While reading my favorite AC heating forum this morning, I found a link to a Nov. 7 article on the U.S. Dept. of Energy (DOE) website. The article describes new duct sealing technology that could be a breakthrough in energy conservation – one that could save home and building owners in the U.S. up to $5 billion per year. There is a link to the article at the end of this blog post.
Leaky ducts waste a lot of energy – estimates show that 25-40% of the cooled or warmed air (and the energy that produced it) gets wasted in transit. For the average homeowner, this translates to $50-70 per month in utility costs.
After the initial excitement of saving this much energy leveled off, I began to think of questions to ask, or situations where sealing an existing duct system might not automatically be a wise move, or could be done out of sequence.
Get the correct sequence for energy saving improvements
To be clear, making sure that ducts are sealed correctly is a top priority, and will save lots of energy. However, HVAC system improvements need to be performed in the correct sequence. So, before going to the effort and cost of having existing ducts sealed, here are some related issues an owner needs to find out or plan for:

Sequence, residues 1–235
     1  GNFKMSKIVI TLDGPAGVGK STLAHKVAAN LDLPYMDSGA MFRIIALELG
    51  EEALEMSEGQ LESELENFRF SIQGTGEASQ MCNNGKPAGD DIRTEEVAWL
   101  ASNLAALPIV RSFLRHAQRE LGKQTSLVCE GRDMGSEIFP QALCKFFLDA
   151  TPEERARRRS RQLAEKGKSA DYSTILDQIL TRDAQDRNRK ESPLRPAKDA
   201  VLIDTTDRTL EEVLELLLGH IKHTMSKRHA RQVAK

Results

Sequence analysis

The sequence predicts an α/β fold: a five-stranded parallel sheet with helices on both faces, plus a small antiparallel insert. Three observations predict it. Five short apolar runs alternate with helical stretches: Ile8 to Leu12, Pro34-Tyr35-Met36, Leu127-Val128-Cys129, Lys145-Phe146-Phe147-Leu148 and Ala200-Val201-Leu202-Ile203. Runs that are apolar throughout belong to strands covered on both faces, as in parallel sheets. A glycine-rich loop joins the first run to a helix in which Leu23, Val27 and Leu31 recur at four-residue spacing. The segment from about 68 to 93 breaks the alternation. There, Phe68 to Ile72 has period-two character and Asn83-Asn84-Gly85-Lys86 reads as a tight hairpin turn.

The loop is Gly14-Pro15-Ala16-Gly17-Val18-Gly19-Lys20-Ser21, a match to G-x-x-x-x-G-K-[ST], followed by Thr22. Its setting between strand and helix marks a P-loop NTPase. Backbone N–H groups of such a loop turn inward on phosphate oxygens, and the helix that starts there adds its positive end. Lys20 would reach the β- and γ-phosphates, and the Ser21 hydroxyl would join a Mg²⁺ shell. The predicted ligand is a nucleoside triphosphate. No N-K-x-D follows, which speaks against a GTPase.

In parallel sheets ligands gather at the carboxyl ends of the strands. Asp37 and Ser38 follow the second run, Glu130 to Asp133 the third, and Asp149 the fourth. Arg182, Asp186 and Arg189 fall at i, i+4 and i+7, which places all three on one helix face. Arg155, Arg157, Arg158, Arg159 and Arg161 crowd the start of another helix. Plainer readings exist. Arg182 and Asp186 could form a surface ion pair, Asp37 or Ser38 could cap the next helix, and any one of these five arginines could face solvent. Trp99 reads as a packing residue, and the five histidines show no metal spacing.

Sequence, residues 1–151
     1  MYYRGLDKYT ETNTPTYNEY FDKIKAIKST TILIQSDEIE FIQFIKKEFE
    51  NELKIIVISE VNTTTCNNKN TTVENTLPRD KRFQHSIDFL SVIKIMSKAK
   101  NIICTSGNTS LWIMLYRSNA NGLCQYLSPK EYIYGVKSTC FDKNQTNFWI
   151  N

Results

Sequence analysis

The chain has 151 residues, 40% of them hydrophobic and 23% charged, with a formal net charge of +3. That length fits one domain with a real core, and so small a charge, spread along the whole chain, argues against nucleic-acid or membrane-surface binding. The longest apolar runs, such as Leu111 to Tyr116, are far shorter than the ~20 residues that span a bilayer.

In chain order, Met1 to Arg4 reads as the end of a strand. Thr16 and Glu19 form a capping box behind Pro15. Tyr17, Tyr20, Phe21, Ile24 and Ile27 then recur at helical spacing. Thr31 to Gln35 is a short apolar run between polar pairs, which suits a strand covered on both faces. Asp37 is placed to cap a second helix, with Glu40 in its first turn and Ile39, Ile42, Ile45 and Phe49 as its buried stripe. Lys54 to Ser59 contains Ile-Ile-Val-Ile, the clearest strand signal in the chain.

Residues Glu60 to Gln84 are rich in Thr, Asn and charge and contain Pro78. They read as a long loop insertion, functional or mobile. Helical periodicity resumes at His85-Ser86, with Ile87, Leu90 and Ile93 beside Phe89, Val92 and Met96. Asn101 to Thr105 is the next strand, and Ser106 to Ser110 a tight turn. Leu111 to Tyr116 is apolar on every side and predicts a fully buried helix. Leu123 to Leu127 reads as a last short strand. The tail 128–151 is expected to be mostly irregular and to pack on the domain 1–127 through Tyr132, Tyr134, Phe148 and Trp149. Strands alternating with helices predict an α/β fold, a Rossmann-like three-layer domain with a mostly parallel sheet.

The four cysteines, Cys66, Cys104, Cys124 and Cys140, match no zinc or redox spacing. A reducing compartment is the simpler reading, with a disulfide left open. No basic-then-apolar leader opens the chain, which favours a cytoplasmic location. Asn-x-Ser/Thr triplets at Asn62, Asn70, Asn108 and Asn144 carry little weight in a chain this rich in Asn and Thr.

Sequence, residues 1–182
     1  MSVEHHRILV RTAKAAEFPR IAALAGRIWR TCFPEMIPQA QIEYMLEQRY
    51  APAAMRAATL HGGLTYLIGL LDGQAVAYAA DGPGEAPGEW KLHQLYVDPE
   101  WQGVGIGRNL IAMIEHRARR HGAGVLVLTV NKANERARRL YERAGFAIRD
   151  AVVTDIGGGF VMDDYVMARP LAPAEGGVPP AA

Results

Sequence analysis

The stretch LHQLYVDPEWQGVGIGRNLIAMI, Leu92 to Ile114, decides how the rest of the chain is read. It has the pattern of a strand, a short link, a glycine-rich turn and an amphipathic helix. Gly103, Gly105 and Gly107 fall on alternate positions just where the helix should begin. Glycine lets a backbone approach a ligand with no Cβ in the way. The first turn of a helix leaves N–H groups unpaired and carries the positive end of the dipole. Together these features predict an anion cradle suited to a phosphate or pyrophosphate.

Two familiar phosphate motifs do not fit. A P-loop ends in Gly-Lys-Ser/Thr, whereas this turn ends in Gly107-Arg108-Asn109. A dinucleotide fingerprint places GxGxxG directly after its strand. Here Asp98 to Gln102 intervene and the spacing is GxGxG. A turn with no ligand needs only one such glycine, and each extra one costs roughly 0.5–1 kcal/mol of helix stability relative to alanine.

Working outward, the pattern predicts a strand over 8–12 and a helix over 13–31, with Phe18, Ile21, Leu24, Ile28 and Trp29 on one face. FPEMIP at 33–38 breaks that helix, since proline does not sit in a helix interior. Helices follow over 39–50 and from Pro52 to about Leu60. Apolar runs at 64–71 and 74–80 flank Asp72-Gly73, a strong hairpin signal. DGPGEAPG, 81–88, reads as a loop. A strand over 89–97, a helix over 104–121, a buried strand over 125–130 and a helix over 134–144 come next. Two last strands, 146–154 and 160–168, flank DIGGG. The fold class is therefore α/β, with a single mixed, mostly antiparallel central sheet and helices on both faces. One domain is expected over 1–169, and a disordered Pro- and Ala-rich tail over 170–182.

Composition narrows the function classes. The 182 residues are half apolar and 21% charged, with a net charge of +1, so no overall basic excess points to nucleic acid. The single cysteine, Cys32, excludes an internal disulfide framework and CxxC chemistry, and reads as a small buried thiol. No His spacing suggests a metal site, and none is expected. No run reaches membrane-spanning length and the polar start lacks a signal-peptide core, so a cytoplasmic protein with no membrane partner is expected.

Age of other main HVAC components
How old are the other outside and inside main components: compressor, condenser, heat exchanger and air handler? If those components are nearing the end of their economic life (generally around 10 years or older), they might need to be replaced first. Then, if main components get replaced, the existing ducts may need replacement with them — so that they are the correct size and other specifications. Here’s a critical point: one size does not fit all with HVAC systems and ductwork!
Were your existing components and ductwork correctly sized originally?
Even if the other main components will not be changed soon, is the existing ductwork the correct size for your current situation: existing components, your home or building envelope, your climate and other particulars? If equipment or ducts were not correctly sized or configured originally, sealing the ducts will not be a total solution. Ironically, the sealing of leaky, undersized ducts could trigger other previously obscured issues or complaints with your AC or heating system. One example: if your AC or furnace was oversized, sealing ducts could cause your AC or heating system to cycle on and off too quickly. Excessive on-off cycling involves unnecessary energy use, equipment wear, and comfort complaints. So in this scenario, you pay twice: once to get your current ducts sealed, and then you pay again to fix the pre-existing problems in your system — problems that the duct sealing brought to light.
In summary, absolutely do get your ducts sealed, but get your ducks in a row before you sign on the dotted line. Choose the right contractor, and they will explain the optimum sequence of energy improvements for your situation.
Link to article
Read the full article on the duct sealing breakthrough on the U.S. Energy Department website.